Literary Rules for Two-Legged Companions.

Happy New Year! Rose the Irish Setter here. I thought I would try to encourage other dogs, or even two-legged companions, who may be considering writing a book, like me and Kate the Springer Spaniel did. Our book is Rose and Kate Unleashed. Brian has this lawyer friend who asked for help. Yanno he does law so he’s called a lawyer like somebody who plays golf is called a golfer or somebody who sings is called a singer. I don’t know how they came up with somebody who does art is an artist shouldn’t they be an arter? Anyways so I came up with some advice…

Rose’s Rules for the Literary Dog

Write each and every day. As you know, dogs are determined. When we start a task, such as stealing food from the counter, we complete it. That’s where the term “dogged determination” came from. We applied this to writing our book, “Rose and Kate Unleashed.” We wrote something down every day. Even just 100 words moves you closer to your goal of finishing. Somethin’ happens every day. Writing a book just means putting all the somethins on paper. Not complicated at all.

A lot of two-legged authors wait until they “feel like writing” before they get started. That’s why they never finish. Yanno, the only things I feel like each day are eating, sleeping and playing. I never wake up and think, “Who needs breakfast. Let’s get right to the computer.”
Instead, I set a goal of writing at least an hour per day, each morning. After my breakfast. You gotta have priorities. And discipline.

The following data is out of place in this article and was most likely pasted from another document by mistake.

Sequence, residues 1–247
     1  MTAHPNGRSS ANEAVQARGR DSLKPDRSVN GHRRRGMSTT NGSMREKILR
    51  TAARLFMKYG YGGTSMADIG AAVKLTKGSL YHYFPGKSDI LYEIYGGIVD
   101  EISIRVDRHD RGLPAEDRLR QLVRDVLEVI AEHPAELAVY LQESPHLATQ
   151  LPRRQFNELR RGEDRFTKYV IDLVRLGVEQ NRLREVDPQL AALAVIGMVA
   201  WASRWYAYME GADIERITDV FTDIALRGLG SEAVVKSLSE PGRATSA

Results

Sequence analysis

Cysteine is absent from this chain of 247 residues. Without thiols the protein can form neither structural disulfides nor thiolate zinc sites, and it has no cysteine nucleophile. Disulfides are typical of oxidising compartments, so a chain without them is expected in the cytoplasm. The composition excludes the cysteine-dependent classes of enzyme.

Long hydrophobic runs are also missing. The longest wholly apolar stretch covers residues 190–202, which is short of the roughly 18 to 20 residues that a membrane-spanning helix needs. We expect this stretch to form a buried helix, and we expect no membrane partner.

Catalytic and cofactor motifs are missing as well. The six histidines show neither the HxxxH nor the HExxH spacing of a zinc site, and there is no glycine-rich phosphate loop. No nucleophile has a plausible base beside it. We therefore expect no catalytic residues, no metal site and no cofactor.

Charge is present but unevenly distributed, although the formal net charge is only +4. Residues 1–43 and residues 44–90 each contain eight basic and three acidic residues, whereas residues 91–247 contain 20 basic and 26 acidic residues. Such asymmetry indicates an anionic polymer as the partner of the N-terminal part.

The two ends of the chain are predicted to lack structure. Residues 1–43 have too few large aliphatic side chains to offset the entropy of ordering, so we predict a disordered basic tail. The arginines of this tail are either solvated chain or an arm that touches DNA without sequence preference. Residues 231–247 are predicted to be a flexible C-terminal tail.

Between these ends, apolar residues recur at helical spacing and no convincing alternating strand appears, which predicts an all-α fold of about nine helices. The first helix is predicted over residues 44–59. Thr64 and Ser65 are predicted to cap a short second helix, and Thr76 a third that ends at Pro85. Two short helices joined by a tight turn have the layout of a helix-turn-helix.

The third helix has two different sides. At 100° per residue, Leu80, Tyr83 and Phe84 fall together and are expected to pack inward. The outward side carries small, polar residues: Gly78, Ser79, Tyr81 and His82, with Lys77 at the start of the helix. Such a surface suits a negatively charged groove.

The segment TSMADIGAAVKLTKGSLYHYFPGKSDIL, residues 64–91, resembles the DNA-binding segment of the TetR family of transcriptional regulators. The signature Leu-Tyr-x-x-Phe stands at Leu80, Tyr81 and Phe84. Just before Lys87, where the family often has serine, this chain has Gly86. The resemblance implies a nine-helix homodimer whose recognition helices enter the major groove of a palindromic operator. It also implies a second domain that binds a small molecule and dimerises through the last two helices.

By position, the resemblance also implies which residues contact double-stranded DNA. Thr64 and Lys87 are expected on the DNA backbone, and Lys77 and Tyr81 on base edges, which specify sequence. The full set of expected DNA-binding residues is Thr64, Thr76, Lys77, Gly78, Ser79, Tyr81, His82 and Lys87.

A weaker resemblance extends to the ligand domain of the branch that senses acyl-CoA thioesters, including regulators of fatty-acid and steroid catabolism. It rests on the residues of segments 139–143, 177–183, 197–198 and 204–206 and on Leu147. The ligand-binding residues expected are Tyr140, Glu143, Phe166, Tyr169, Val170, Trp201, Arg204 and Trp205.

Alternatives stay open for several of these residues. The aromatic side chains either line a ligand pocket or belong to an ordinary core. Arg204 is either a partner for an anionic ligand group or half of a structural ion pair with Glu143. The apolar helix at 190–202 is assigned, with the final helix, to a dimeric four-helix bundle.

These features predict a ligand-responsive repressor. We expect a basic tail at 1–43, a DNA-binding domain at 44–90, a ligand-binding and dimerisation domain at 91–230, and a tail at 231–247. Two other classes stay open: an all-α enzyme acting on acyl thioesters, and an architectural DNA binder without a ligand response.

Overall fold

Take advantage of your platform. Platform is a two-legged term that means how many people you know that could buy your book. Everyone you meet is a potential customer. You just have to tell them about your book. My two-legged companions Brian and Dee made these business cards with the cover of our book on it and where to buy it. When we go for a walk and people say hello to us, they hand out a card. We also use social media such as Facebook. Brian and Dee have nearly 1,500 Facebook friends who are dog lovers. Before the book was published, they announced when it would be available and posted pictures of me and Kate hard at work at the computer. Dee recommends being subtle with your sales pitch. If it were up to me, I’d just post, “PLEASE, PLEASE buy my book!”

Make Sure the Cover is Memorable. The cover should attract your readers and help them understand what the book is about. Me and Kate’s book has us on the cover with suitcases, like we’re ready to go on adventures. And that’s what our book is about, our adventures. Brian and Dee’s latest book is called “Treasure in the Moonlight,” about the search for a pirate’s gold. “Treasure” is in gold lettering on the cover. And the moon on the cover looks like a gold doubloon. Even a really dumb two-legged individual can figure what that book is about.

Don’t Worry About Reviews. Before our book came out, Brian warned me that not everyone is going to like it, that we would get some negative reviews. Since everyone loves Irish Setters, I found that hard to believe. But I think he was trying to say, don’t take a negative review personally. The reader isn’t saying they don’t like you, just that they may not have enjoyed your book. We haven’t actually received any negative reviews yet, but if we do, the reader probably didn’t like the parts Kate wrote. My Irish Setter sense of humor is what makes our book great, I think.

Make Sure Your Story Has a Dog. And no matter how many people die in your novel, make sure the dog lives. Never, never NEVER break this rule.

Have Fun! Make sure you enjoy your writing project. Don’t turn it into a chore, like going to obedience training or something. It’s a thrill to be known as an author. We’re already being asked when our next book is coming out. How fun is that! Now I have to find out if there’s a Bestseller List just for dogs. If not, there should be.

Rose, the Literary Irish setter

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